So for now, I’m remaining quiet on the big things happening in the world around me, but it’s not because I don’t care. It’s because I don’t know the answers and I don’t want to add fuel to the fire. Instead, I’m adopting these words from the Bible as my prayer and my hope. Will you join me?

Therefore, as God’s chosen people, holy and dearly loved, clothe yourselves with compassion, kindness, humility, gentleness and patience. Bear with each other and forgive whatever grievances you may have against one another. Forgive as the Lord forgave you. And over all these virtues put on love, which binds them all together in perfect unity. Let the peace of Christ rule in your hearts, since as members of one body you were called to peace. And be thankful. Let the word of Christ dwell in you richly as you teach and admonish one another with all wisdom, and as you sing psalms, hymns and spiritual songs with gratitude in your hearts to God. And whatever you do, whether in word or deed, do it all in the name of the Lord Jesus, giving thanks to God the Father through him. Colossians 3:12-17, NIV

Amen.

Do you see what I see? No? Good.

Don’t worry. This post isn’t about The Dress. Well, not really. As a graphic designer, I pride myself on how I perceive color, on noticing the nuances of hues and shades and being able to describe them to my clients. So I confess that this has been kind of hard on me. One, I like ...

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Don’t worry. This post isn’t about The Dress. Well, not really.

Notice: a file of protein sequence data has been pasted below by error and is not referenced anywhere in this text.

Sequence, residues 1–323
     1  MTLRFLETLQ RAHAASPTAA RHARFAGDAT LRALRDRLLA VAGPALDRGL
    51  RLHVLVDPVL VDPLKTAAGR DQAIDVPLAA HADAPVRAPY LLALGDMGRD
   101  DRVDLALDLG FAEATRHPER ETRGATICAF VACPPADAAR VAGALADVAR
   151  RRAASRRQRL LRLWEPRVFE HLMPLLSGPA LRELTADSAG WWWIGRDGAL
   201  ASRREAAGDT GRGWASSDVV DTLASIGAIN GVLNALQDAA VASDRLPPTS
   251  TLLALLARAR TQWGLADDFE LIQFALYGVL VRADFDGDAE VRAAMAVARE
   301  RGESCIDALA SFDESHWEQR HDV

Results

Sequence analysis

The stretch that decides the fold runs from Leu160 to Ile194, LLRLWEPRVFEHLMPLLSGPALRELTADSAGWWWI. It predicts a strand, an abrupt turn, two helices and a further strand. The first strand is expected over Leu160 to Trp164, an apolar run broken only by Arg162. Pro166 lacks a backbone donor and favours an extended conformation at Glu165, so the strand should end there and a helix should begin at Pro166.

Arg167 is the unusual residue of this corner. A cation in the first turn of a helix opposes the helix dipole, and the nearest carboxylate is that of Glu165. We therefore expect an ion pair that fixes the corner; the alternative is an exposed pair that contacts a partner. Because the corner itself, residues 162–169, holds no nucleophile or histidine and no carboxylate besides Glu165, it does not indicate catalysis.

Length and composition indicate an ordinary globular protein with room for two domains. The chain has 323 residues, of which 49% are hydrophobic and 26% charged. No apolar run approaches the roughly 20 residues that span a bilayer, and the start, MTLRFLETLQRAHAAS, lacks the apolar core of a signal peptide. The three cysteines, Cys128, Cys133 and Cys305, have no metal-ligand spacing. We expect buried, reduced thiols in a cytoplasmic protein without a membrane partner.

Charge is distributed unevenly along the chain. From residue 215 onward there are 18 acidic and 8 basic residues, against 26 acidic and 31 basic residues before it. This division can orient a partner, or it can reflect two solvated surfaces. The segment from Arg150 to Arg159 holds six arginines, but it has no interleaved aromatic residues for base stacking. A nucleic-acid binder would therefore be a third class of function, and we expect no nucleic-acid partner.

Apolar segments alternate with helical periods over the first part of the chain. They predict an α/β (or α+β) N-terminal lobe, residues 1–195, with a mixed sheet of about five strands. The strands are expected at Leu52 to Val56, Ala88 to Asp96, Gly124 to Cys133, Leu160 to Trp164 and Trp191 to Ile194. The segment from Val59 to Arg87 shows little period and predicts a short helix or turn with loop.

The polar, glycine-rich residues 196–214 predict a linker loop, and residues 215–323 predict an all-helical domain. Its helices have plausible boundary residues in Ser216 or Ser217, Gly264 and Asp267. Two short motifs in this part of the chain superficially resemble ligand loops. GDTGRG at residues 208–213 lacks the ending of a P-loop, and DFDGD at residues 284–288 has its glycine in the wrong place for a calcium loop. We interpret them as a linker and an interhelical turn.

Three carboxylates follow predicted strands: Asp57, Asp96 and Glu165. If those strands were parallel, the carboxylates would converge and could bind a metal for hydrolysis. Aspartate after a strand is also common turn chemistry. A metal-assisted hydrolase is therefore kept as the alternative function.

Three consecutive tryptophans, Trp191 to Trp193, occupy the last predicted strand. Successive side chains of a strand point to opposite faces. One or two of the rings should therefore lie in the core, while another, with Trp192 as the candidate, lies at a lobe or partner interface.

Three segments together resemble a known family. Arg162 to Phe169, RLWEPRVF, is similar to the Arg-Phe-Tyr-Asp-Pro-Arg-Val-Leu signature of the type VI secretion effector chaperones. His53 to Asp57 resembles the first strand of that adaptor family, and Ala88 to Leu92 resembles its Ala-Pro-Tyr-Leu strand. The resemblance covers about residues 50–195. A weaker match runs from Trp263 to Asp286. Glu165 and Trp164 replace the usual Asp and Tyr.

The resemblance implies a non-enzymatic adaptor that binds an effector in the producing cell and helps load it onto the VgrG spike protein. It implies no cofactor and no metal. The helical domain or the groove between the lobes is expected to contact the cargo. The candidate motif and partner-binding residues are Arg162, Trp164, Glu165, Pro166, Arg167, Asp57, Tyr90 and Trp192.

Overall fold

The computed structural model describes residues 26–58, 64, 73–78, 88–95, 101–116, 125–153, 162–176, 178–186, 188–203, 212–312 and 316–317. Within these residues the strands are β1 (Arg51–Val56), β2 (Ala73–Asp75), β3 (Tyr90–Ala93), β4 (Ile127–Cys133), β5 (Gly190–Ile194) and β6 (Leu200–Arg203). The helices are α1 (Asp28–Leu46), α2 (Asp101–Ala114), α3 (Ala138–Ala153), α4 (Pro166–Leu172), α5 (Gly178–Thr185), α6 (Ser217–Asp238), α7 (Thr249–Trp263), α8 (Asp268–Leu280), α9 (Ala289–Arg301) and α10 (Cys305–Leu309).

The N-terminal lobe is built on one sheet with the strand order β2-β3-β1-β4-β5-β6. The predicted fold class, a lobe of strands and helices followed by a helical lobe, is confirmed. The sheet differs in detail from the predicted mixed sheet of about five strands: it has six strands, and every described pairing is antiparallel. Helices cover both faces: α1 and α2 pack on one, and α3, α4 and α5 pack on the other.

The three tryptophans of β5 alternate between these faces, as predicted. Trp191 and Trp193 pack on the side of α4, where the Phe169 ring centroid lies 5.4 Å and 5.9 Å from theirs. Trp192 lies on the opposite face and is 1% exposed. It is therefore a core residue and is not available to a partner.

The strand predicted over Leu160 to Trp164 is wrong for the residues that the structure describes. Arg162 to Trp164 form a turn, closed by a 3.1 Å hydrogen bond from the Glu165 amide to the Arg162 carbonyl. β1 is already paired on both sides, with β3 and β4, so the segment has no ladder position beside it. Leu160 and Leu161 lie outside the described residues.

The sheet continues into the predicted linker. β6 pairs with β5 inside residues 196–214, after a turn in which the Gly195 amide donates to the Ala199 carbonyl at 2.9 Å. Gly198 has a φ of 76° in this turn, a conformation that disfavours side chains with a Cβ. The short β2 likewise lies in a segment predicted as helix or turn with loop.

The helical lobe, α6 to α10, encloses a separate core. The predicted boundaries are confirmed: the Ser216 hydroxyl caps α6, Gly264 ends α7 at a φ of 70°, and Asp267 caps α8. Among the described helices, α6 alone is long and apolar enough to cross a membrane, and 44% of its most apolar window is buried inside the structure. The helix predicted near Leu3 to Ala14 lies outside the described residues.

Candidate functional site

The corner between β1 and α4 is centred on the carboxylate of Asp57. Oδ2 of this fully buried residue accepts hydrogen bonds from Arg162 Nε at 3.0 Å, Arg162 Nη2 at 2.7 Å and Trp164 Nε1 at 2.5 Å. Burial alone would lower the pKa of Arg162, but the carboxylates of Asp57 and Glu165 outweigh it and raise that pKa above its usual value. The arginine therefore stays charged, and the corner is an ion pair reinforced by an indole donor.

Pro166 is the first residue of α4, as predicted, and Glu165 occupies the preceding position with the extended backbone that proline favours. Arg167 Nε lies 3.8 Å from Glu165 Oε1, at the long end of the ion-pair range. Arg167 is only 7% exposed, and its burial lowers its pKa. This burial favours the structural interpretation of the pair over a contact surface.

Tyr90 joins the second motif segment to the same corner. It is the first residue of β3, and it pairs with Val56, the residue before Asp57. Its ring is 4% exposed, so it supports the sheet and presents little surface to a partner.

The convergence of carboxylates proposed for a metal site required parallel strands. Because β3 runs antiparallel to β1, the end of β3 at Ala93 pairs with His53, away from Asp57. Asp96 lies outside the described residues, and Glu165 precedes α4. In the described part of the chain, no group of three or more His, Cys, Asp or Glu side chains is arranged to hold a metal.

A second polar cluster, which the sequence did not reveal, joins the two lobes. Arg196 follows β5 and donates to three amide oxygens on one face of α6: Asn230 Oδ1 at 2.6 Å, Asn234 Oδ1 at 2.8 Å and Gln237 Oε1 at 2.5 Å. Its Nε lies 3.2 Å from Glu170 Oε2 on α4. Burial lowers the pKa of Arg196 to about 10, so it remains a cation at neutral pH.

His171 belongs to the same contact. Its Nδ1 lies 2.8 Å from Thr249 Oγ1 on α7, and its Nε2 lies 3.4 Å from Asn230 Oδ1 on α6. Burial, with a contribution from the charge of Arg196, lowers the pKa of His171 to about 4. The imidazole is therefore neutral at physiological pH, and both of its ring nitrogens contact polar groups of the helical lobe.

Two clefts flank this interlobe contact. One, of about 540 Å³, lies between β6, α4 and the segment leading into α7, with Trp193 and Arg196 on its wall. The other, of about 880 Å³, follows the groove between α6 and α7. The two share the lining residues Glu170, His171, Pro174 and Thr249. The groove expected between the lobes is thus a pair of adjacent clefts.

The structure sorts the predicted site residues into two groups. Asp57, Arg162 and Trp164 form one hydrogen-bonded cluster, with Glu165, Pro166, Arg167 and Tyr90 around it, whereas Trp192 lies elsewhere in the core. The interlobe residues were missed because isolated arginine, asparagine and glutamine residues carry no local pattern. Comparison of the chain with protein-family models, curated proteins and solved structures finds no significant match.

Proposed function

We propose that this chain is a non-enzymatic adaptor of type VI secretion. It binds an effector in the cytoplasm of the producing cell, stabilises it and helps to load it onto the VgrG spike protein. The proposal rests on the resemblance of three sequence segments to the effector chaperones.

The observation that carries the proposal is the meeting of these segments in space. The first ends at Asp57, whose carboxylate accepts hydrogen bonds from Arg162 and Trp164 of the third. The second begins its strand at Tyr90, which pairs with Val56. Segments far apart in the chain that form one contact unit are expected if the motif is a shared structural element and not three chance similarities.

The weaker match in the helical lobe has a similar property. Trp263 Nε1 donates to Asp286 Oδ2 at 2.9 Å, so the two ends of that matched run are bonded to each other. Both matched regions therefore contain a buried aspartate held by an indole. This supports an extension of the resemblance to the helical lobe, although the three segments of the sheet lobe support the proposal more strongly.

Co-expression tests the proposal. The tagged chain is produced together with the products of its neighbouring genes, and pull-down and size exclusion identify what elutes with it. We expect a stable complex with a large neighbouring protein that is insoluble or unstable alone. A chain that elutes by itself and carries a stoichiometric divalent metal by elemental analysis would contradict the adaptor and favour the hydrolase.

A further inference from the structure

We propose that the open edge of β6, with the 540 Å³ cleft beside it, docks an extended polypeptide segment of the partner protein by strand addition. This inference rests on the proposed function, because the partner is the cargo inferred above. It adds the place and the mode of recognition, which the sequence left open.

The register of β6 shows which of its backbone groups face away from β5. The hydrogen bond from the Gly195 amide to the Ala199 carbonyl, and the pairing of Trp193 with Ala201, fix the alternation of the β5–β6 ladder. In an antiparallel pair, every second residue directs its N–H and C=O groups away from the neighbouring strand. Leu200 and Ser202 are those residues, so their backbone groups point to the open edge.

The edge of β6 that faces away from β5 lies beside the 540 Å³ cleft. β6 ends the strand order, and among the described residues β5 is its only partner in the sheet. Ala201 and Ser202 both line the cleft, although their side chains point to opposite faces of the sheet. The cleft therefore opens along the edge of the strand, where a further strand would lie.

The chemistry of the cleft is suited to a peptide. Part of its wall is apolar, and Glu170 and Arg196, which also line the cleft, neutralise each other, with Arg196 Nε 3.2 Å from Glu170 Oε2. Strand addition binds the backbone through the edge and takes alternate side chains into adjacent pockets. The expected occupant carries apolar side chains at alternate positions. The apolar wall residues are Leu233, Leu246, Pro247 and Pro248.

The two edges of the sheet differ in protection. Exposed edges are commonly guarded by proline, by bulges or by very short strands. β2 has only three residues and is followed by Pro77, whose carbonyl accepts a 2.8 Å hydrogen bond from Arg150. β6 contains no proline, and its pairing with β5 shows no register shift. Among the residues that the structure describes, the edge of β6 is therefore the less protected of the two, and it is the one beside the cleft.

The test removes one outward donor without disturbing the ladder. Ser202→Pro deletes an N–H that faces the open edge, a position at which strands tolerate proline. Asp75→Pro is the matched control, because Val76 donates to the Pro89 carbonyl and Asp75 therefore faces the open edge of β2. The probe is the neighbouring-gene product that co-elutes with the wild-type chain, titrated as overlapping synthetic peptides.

As a graphic designer, I pride myself on how I perceive color, on noticing the nuances of hues and shades and being able to describe them to my clients. So I confess that this has been kind of hard on me. One, I like to be right, and I still disagree with some of the conclusions regarding what the dress actually looks like. And two, I’ve always been adamant that I am a really good judge of color. I can see a paint chip once, and weeks later at Target pick up a throw pillow or vase that matches perfectly. One year I got a sweater for Christmas, and without having it with me, bought a pair of leggings the exact color as the sweater. I notice when there’s a little more blue in this green than in this one, or when the red contains a smidge of yellow.

When clients don’t see the same thing I do, at times I get a little bit of an attitude. Because it’s soooo clear to me, and I don’t know how they can’t see it. (And I may have mentioned that I like to be right.)

But this (somewhat annoying) dress debate has taught me something. There may be reasons I’d never considered for why someone else might see a specific situation in a different way than I do. Something that isn’t readily apparent. Something hidden. Unseen, if you will.